More than a quarter of ‘critical incidents’ have been declared by just four trusts since the start of the crisis in urgent and emergency care.
Data obtained by HSJ shows 241 critical incidents have been declared by organisations due to “operational” or “system pressures” between April 2021, when long waits for urgent care began to surge upwards, and last month. Four trusts account for 68 of these, or 28 per cent.
University Hospitals Plymouth and Shrewsbury and Telford Hospitals had the most, declaring 24 and 21 incidents respectively due to operational pressure.
Frimley Health and United Lincolnshire have also respectively declared 12 and 11 incidents due to pressures. Frimley has had issues with the installation of a new electronic patient record in recent years. These organisations did not respond to requests for comment.
Critical incidents are declared when the level of disruption “results in an organisation temporarily or permanently losing its ability to deliver critical services, or where patients and staff may be at risk of harm”. These incidents may require “special measures and support from other agencies, to restore normal operating functions,” according to the NHS England definition.
Most critical incidents were only in place for a few days before being stood down by the trust or system, but some were in place for much longer – sometimes for several months at a time, the data suggests.
Last December, 97 organisations declared critical incidents due to operational pressures – a significant increase on previous months.
The full list of organisations to have declared a critical incident is below.
Small proportion of critical incidents ‘caused by strikes’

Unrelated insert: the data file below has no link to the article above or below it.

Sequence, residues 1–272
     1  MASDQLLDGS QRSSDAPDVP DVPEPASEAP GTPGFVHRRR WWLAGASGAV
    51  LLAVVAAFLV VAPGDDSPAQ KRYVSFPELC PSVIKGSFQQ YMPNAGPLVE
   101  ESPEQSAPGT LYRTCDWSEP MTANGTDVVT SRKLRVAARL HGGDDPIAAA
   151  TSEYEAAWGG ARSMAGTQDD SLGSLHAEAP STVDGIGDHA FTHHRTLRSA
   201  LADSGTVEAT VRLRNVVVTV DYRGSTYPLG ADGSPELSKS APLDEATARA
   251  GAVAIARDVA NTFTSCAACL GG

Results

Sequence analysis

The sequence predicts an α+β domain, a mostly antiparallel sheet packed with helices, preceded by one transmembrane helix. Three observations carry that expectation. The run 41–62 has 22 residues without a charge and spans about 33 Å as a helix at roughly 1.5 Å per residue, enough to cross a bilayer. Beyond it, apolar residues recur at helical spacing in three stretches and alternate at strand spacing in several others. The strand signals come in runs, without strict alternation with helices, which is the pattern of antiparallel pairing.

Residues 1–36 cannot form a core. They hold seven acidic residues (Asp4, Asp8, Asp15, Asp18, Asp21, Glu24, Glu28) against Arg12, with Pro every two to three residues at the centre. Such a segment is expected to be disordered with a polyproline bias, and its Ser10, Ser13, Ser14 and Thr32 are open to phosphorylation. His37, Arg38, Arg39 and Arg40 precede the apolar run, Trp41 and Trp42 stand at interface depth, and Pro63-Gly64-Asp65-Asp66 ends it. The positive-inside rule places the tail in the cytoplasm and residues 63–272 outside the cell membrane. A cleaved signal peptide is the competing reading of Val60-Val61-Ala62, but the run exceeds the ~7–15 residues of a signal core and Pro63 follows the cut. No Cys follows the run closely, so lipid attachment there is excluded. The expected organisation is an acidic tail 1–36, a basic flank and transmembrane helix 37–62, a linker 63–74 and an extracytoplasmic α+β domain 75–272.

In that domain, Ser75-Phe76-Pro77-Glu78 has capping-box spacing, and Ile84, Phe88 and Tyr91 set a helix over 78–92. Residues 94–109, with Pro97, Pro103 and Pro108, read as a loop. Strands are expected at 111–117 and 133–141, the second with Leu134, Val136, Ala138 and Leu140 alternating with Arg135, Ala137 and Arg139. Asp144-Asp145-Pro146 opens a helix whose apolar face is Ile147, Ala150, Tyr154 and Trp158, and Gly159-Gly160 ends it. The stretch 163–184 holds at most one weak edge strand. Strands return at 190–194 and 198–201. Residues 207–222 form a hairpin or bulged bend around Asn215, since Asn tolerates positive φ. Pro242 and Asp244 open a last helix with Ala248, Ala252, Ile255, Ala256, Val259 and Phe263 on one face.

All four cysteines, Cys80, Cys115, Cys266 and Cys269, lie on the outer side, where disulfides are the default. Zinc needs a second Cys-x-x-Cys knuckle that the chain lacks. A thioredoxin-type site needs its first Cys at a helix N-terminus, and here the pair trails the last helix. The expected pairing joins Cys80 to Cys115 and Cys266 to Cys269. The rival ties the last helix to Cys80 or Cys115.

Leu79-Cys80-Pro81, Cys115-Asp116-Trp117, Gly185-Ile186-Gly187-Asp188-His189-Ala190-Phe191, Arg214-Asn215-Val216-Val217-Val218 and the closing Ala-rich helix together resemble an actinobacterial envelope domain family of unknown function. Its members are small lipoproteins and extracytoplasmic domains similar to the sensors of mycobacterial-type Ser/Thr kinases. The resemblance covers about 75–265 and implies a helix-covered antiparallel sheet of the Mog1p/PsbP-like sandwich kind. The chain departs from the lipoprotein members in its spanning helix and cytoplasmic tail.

Last month, health and social care secretary Steve Barclay said 22 “critical incidents” that had been “declared due to industrial action” since last December – as part of his justification for proposed “minimum service levels” during strikes.
Between December 2022 and October 2023, a total of 141 “critical incidents” were declared by trusts and systems due to “operational” or “system” pressures – up from 75 incidents during the same period the previous year.
Sarah Scobie, Nuffield Trust’s acting director of research, said the data suggests the number of critical incidents directly attributed to industrial action “are small in proportion to the number of incidents declared because hospital and emergency care services are stretched beyond their limits”.
The Department of Health and Social Care did not comment directly on HSJ’ s findings but pointed to “record” investment in increasing access to care and cutting waiting lists. Mr Barclay has said the proposed minimum service levels “would provide a safety net for trusts and an assurance to the public that vital health services will be there when they need them”.